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Libel law offers a legal recourse to those who have false information written and published about them that harms their reputation, moral character, and integrity. The two main types of libel laws are libel per se and libel per quod. The elements to prove libel law are a published statement, a false statement, an injurious statement, and an unprivileged statement, which means the statement is not otherwise protected by law. A libel per quod lawsuit often requires that the plaintiff provide additional facts to prove the elements of the case.
Libel laws are a subset of defamation law in most jurisdictions. These laws are similar to slander laws, and the elements used to prove both are the same. The difference between libel law and slander law is that the former protects against injury to reputation and moral character in written and published statements, and the latter protects against injury to reputation and moral character in spoken statements. There are civil penalties for libel, and the injured has a legal recourse in civil courts. Courts may award punitive damages in libel lawsuits.
Libel per se, which means on its face in Latin, refers to written words that outright defame someone’s reputation. The statement has to be untrue in order for the plaintiff to win a libel per se case. The plaintiff doesn’t have to claim special damages, only that the elements of libel were met. For example, if a newspaper prints that a local businessman murdered his wife and the elements required to prove a libel case are met, then the plaintiff would be awarded damages. No matter how awful the statement is, the plaintiff often has to prove that the statement resulted in actual harm to his reputation, because defamation law is a form of tort law.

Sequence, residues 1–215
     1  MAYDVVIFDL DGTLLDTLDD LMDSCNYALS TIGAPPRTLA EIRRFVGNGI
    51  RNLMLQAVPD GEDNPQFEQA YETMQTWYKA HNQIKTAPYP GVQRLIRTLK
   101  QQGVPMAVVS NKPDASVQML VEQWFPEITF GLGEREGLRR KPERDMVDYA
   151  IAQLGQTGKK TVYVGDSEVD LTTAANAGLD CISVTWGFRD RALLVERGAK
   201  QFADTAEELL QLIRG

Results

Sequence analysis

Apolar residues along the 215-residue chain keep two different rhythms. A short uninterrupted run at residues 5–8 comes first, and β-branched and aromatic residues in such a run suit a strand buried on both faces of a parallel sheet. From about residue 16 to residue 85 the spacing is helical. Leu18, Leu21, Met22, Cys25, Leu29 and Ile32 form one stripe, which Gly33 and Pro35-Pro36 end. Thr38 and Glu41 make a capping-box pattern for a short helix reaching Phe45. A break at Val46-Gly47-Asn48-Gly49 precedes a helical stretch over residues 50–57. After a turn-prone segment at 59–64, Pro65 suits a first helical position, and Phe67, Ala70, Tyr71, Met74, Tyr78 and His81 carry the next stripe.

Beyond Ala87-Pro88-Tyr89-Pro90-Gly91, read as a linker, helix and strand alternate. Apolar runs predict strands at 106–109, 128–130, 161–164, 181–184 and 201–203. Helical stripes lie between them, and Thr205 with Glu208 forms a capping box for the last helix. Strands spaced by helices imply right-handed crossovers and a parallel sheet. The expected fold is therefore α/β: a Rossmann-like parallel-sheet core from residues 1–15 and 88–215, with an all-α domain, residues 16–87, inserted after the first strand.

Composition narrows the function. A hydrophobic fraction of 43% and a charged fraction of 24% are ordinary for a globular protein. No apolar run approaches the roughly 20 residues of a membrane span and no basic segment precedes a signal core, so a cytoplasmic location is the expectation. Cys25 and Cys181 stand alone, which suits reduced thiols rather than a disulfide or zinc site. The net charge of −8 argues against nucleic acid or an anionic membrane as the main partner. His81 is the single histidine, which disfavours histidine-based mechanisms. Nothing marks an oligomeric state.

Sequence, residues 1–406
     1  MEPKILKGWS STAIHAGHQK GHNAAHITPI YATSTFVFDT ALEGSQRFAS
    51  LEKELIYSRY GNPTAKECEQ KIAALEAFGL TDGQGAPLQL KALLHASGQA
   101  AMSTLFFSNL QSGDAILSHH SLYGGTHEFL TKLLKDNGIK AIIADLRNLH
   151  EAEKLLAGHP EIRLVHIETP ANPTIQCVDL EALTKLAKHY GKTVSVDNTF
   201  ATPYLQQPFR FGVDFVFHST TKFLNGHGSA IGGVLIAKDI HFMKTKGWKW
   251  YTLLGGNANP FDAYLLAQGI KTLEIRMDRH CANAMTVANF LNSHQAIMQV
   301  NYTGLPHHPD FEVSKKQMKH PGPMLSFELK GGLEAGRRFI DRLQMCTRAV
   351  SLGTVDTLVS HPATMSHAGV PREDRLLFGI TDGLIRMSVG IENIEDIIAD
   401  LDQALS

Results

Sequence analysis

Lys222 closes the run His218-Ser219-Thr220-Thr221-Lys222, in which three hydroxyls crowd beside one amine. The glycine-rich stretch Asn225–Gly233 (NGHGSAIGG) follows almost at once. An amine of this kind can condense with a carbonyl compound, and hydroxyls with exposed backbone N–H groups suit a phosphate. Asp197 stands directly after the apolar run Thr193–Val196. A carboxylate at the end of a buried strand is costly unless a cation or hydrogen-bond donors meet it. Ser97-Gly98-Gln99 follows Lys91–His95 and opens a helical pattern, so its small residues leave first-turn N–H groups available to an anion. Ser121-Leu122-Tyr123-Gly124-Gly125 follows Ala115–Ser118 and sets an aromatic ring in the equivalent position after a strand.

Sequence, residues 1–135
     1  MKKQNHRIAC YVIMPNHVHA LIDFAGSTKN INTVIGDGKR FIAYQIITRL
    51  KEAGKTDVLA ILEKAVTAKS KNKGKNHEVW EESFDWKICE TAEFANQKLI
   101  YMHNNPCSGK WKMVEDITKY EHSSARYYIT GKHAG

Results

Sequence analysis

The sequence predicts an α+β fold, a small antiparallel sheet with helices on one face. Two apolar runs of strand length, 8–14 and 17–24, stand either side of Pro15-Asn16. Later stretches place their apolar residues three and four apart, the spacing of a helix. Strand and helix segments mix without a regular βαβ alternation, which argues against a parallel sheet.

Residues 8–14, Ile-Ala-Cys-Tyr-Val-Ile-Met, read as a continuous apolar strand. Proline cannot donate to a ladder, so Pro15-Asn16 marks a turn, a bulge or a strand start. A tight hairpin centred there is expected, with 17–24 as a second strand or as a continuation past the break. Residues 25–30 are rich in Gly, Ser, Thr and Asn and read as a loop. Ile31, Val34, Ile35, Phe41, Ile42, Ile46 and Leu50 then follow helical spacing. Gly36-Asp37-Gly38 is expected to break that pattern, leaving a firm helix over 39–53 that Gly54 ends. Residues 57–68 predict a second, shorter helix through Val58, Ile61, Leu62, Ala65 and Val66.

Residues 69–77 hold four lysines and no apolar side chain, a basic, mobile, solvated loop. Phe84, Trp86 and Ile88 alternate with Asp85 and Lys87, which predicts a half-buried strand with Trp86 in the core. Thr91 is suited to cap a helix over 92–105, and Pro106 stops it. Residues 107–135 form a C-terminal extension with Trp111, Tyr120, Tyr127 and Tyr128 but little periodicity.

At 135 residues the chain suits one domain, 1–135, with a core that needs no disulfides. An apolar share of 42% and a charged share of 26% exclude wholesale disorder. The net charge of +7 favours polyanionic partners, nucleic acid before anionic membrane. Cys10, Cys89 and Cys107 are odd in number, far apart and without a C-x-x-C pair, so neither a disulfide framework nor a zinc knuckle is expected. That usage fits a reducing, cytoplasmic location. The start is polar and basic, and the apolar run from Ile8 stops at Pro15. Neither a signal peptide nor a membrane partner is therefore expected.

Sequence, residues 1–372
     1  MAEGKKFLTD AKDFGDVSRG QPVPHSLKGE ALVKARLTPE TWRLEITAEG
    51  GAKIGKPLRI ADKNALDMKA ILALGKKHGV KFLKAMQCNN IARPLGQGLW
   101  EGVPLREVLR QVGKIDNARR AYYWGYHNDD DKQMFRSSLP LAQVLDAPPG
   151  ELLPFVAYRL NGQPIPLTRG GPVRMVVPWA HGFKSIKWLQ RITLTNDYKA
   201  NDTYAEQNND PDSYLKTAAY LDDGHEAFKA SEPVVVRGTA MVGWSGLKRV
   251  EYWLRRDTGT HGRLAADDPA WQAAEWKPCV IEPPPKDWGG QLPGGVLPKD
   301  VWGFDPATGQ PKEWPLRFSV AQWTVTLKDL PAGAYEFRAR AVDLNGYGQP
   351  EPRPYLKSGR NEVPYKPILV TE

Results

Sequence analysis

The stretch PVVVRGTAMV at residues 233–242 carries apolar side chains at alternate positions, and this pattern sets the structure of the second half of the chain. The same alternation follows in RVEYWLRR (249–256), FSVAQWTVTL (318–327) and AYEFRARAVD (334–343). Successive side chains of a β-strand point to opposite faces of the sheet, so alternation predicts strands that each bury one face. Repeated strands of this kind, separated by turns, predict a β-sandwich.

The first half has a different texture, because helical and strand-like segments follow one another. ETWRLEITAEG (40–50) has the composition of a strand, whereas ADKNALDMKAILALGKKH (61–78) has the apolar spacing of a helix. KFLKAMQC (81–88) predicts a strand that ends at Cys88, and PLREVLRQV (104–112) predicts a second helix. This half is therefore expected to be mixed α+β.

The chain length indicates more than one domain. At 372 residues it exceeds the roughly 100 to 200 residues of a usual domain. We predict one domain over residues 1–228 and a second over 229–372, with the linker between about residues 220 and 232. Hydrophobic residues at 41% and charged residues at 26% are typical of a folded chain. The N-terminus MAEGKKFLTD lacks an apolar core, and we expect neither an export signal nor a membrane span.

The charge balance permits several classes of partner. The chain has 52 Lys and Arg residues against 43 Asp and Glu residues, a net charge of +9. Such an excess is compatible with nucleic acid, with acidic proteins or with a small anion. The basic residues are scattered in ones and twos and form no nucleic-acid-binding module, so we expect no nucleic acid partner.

Libel per quod, which means under cover in Latin, means that a written and public statement lead to injury to reputation based on the context of the statement and how readers might interpret it. Unlike libel per se, the plaintiff has to claim special damages and show facts additional to what is often required in a libel lawsuit. The reason is that libel per quod in libel law is often more subjective than libel per se, which is straightforward. An example of libel per quod is when a newspaper publishes a birth announcement claiming that Sandra Williams on Main Street is the proud mother, but Sandra is a 16-year-old and a devout Christian, and the paper really meant to write about another Sandra who lives on Second Street. The error is libel per quod because Sandra is a minor, and the announcement may suggest that she is promiscuous and not a devout Christian after all.
Libel is one of those funny things that is very, very hard to prove, because most courts insist on a *knowledge* of the libel before looking at finding the defendant in violation of libel laws.
In libel per se, the media outlet pretty much has to know what they are printing is a lie when they print it. That's how the tabloids get caught and have to pay up when they are sued. Or, the plaintiff has to prove that the media outlet deliberately neglected to check a "fact" before printing it.
Even so, libel per se is easier to prove than libel per qod. Damage to a reputation is notoriously difficult to prove, and there's still the whole "deliberate
Reputable media outlets are always concerned about libel because, even if the outlet prevails in the lawsuit, they have spent a great deal of money to prove their innocence. Many outlets will settle out of court, because it's cheaper than a protracted court battle.
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